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Friday, July 31, 2015


Devoted fans of the classic 40s-50s Merry Melodies and Looney Tunes cartoons from Warner Brothers never know what they're going to get these days when they see their favorite characters revived in new, "updated" versions.  It's pretty hit-or-miss since some current writers and animators get what made the old characters tick, while others, bless 'em, just plain don't.

The people behind the original feature-length cartoon movie LOONEY TUNES: RABBITS RUN get it.  But to their credit, instead of simply recreating the old stuff, they've taken familiar characters Bugs Bunny, Daffy Duck, Foghorn Leghorn, Elmer Fudd, Marvin the Martian, and Yosemite Sam, among others, and cast them in a dizzying screwball comedy that's a cross between a Bob Hope romp and IT'S A MAD, MAD, MAD, MAD WORLD.

As a world-weary New York cabbie, Bugs gets to downplay his old smarty-pants persona and serve as straight man for Lola Bunny, a flighty, valley-girlish amateur perfume inventor who hopes to take the Paris fragrance industry by storm with her intoxicating new formula. 

But when the military finds out that Lola's new perfume is also an invisibility formula, they'll stop at nothing to get it.  The sight of Foghorn Leghorn as an overbearing Army general ordering around his minions, including agents Elmer Fudd and Cecil the Turtle, is odd indeed. 

The secret of the formula is also discovered by Lola's former department store boss, Giovanni (the opera singer in the 1948 classic "Long-Haired Hare").  He follows her and Bugs all the way to Paris along with an avaricious Yosemite Sam (smuggling himself aboard the plane squeezed into an old lady's dog carrier) and everyone else who can't wait to get their paws on that precious pink atomizer. 

It's not your typical Looney Tunes plot, but if you love the old cartoons--in addition to appreciating the cockeyed appeal of screwball comedies such as BRINGING UP BABY and the later WHAT'S UP, DOC? (to coin a phrase)--you should find yourself enjoying this breezy, lightning-paced, lighthearted adventure as much as your kids.  (Or if you're like me, somebody else's kids.)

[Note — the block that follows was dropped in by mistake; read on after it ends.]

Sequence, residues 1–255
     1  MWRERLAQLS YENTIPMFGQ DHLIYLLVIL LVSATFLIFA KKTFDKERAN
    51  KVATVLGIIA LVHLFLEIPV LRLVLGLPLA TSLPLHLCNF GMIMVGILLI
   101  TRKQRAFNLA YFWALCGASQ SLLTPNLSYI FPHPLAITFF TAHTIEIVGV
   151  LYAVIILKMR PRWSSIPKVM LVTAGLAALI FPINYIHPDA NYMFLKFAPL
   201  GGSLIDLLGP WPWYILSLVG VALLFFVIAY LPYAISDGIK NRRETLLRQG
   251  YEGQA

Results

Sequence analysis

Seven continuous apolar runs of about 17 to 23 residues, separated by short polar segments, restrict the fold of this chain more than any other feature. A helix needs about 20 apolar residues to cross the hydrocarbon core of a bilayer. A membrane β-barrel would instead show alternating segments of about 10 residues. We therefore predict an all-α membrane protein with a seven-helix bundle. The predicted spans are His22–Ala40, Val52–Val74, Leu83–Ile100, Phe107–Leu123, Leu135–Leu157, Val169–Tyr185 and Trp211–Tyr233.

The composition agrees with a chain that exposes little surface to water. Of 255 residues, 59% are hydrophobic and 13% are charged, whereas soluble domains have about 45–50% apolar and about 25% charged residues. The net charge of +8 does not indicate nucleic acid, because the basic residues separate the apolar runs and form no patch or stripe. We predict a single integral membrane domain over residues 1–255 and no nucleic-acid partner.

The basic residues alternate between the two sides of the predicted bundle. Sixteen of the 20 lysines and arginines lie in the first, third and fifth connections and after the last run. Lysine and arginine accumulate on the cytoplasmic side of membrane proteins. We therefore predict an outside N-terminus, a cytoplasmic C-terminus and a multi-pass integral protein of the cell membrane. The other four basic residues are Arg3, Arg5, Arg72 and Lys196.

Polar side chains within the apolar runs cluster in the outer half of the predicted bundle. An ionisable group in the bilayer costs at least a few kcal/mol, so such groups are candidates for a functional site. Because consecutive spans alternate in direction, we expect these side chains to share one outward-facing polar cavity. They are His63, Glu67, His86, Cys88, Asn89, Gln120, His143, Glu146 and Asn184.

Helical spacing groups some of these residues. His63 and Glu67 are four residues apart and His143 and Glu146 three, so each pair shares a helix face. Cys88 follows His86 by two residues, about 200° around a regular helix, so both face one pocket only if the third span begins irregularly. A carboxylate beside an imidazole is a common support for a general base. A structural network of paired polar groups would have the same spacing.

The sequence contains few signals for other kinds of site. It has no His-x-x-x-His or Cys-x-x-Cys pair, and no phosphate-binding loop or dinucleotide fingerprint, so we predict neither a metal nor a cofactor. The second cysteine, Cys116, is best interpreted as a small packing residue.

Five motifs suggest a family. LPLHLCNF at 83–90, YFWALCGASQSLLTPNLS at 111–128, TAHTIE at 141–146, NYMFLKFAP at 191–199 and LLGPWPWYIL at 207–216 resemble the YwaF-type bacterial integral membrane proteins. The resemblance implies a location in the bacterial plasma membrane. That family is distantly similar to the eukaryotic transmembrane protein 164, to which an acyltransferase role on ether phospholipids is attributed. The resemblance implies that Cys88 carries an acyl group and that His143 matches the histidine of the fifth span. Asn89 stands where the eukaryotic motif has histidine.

Bugs and Lola are a great team, whether leading the bad guys in a frenetic car chase through the streets of New York, posing as stewardesses on a flight to Paris (Bugs manages to get into drag again, of course) during which they end up falling out of the plane, and finally being kidnapped by none other than Marvin the Martian and taken to his deep space headquarters where he plans something nefarious with Lola's formula. 

More hilarity ensues with the appearance of those eternally giddy, stereotypically-gay gophers, Mac and Tosh, in their fabulous yacht.  Their song-and-dance extravaganza, "Girl, You're Fabulous", is a hoot, as is Lola's big number "Smell in My Mind" ("I've got a smell in my mind and I'm gonna let it loose on the world"). 

The great Daffy Duck brings his own prodigious persona into the mix in fine style as a fellow cab driver unwillingly caught up in the action.  Also appearing in lesser, but no less welcome capacity are Speedy Gonzalez as Lola's landlord and Pepe Le Pew as an eau-de-cologne magnate.

The current animators at Warner Brothers do a great job with whatever kind of computer magic they use nowadays to simulate the full cel animation of yesteryear.  Not only that, but the time they save by not having to draw as many cels as they did in the old days is used to make the artwork lush and beautiful to look at.  (I kept being reminded of another visually pleasing Warner Brothers cartoon feature from 1962, GAY PURR-EE.)

The DVD from Warner Home Video is in matted widescreen with 5.1 surround.  Soundtracks and subtitles are in multiple languages.  "Best Friends", the pilot for 2011's "The Looney Tunes Show" featuring Bugs and Daffy on a quiz show called "Best Friendies", is probably the most enjoyable bonus feature.  The three "Road Runner" digi-cartoons I personally found unappealing--seeing a more realistically-rendered CGI version Wile E. Coyote getting mangled like roadkill is a little off-putting.  "I Tawt I Taw a Puddy Tat" (starring guess who?) is done the same way but is a bit more palatable.

But for pure fun that's fun to look at, LOONEY TUNES: RABBITS RUN is well worth getting caught up in for awhile.  It's made by people who appreciate the original Looney Tunes cartoons, and easily avoids being just a pallid facsimile of them.

Buy it at the
Street date: Aug. 4, 2015


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